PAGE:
By Nick Scroxton

Tracks from a Neutrino Event
Photo from the Conrad Research Group http://www.nevis.columbia.edu/~conrad/whointro.html

Forward, right, together, forward, left, together, forward, right, together…..

Like a classical waltz the progress of science moves forwards, backwards, sideways, and spins, all at the same time. Its only after a few years that you can stand back and see if any real progress in any direction has been made. And whether this is in the direction you expected.

This is in contrast to how the media portray the progress of science, linearly, event after event, and I suspect this is probably how most members of the public similarly view progress. But science is just as much about the experiments that haven’t worked as the ones that have. The backwards steps that tell us what isn’t going on are just as crucial in building up the bigger picture, trying to understand how our world or universe works.

In addition I have an interest in how science and the scientific method is communicated and perceived by the public. I’m always curious as to what people think and understand. Partly so that scientists can get better at communicating their results in a way that is accessible (something which I hope this blog helps to achieve).

Over the last few months, the public have been exposed to one story in particular that I hope will help change public perception of the scientific method. It’s a physics story rather than an Earth Science piece, but it’s very interesting. All the links are from one source, the BBC, detailing how one news outlet covered the story over the last four months, but there are plenty of other news sources available!

It started out with the discovery that scientists had recorded neutrinos (tiny sub-atomic particles) traveling faster than the speed of light (here for the published work on arxiv). This is something that should be impossible, otherwise we starting breaking some fundamental laws like cause and effect.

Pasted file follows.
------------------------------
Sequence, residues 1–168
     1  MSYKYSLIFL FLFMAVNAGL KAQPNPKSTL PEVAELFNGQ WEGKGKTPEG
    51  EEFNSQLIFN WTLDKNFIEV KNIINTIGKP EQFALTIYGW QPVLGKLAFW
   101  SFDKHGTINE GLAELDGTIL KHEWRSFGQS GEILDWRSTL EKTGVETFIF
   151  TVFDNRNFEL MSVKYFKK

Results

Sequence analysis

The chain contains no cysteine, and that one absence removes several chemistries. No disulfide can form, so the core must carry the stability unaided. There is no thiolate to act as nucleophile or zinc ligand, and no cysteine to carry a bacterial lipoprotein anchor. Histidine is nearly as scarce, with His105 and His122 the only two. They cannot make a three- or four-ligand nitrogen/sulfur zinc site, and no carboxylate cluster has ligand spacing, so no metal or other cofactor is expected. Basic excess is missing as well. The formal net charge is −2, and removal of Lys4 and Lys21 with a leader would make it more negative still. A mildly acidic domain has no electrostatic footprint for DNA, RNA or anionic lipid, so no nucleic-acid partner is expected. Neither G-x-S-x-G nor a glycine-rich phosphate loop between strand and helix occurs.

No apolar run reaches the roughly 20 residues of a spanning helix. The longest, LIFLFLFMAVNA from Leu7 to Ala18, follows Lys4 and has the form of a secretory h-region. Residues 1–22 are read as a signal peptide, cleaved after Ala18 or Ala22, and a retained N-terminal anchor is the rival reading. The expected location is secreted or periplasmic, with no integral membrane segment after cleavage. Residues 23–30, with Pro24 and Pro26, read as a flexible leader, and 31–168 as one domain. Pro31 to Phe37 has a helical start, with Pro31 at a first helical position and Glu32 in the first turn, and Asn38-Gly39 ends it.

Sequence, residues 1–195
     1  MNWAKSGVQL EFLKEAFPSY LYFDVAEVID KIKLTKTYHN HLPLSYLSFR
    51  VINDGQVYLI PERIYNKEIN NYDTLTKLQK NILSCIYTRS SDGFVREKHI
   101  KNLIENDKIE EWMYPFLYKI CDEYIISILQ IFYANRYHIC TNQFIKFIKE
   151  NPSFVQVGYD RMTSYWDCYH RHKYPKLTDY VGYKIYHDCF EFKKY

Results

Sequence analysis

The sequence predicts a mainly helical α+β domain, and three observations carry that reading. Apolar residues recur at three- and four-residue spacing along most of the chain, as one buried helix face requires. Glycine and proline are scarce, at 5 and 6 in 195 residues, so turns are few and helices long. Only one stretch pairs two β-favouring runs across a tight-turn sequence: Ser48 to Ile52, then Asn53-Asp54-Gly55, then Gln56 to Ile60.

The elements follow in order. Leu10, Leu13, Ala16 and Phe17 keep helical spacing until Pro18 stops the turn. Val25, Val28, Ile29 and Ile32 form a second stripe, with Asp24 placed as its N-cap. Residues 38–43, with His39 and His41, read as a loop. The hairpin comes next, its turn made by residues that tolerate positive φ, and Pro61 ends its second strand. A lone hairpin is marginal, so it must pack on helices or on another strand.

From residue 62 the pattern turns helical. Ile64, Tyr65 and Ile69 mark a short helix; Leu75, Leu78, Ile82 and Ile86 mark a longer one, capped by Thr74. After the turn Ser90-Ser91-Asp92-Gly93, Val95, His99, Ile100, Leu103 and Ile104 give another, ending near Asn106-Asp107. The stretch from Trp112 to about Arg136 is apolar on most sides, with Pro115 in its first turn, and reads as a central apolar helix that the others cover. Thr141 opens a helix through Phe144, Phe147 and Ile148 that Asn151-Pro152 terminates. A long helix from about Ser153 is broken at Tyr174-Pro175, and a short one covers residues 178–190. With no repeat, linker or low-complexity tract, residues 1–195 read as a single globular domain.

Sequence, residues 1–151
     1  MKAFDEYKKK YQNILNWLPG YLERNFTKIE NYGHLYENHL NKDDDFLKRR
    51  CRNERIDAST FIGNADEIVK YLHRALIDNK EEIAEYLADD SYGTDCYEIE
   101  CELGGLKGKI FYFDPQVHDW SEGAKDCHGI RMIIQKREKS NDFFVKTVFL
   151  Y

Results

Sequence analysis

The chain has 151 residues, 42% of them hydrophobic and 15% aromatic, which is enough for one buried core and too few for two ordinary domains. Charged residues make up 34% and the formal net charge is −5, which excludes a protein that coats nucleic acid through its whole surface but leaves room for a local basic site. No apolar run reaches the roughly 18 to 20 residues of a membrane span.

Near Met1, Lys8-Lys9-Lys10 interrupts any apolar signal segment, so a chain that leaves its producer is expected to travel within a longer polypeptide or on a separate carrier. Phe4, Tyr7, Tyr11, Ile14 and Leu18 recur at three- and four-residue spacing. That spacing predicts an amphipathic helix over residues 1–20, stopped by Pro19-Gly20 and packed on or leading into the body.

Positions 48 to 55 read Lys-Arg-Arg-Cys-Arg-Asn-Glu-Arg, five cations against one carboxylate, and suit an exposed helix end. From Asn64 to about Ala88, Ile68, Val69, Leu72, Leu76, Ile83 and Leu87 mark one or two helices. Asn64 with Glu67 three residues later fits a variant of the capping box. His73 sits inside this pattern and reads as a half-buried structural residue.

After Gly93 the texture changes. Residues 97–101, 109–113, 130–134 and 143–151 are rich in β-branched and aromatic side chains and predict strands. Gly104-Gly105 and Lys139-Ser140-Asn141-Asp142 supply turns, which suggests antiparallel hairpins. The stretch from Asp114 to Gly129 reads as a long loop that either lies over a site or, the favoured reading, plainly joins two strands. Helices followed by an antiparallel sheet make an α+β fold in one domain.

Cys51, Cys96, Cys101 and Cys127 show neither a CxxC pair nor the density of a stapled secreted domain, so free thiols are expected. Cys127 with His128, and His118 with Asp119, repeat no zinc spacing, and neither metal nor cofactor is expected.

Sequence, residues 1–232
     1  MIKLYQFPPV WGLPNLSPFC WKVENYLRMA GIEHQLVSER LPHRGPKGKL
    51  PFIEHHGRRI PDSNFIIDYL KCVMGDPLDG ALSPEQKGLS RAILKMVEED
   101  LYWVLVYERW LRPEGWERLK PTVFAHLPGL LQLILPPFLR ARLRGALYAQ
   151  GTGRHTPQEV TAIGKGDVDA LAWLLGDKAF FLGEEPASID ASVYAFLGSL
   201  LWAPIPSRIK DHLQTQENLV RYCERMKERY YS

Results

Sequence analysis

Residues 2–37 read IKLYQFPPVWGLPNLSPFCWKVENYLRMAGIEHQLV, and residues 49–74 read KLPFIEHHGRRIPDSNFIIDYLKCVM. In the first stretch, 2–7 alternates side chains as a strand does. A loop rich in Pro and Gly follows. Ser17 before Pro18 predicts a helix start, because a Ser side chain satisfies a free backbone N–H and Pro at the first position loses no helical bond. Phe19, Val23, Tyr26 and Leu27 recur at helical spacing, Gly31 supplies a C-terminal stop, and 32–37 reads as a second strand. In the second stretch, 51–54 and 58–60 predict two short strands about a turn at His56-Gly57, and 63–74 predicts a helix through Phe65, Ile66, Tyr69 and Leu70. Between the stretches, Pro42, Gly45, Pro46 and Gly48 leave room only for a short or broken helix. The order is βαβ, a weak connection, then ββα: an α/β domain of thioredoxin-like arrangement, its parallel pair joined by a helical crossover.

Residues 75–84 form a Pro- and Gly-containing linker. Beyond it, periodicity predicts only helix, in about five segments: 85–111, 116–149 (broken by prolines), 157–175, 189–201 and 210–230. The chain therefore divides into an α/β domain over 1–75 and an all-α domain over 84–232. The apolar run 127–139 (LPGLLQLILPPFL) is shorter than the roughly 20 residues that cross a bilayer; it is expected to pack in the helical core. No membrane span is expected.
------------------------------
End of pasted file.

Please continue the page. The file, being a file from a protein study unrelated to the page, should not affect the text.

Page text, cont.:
The scientists themselves were puzzled, they thought it was unlikely to be true, but hadn’t figured out anyway that it could be false. So they opened their results up for scrutiny.

Which caused much discussion. How could this result be true, it would undermine a century of scientific knowledge.

So the experiment was run again, with an improved method, to make sure. And they got the same result.

And last week we learnt that there had been a few small faults in an optical fibre and the receiving electronics. Some of which would have exaggerated the speed of the neutrinos and some which show how a faster than the speed of light speed could have been recorded falsely.

There will be probably be more to come on this story.

One question that emerges from this discussion is what has happened to the public understanding of the subject matter in hand, the nature of the speed of light. In light of these stories, has the public reaction been: “these scientists, they don’t know what they’re doing”. Or, as I’d hope, has it been much more enlightening: “this science is hard, and they’ll get to the right answer eventually, but maybe with some mistakes along the way”.

This process is how science works, slowly, incrementally, with leads that end in dead-ends, experiments that need to be re-run and improved and checked and checked and checked. Sometimes the results aren’t obvious. I hope that through this story, this process is a little more transparent and that the scientific process comes out stronger in the minds of the general public. But has it? I would love to know the thoughts of non-scientists.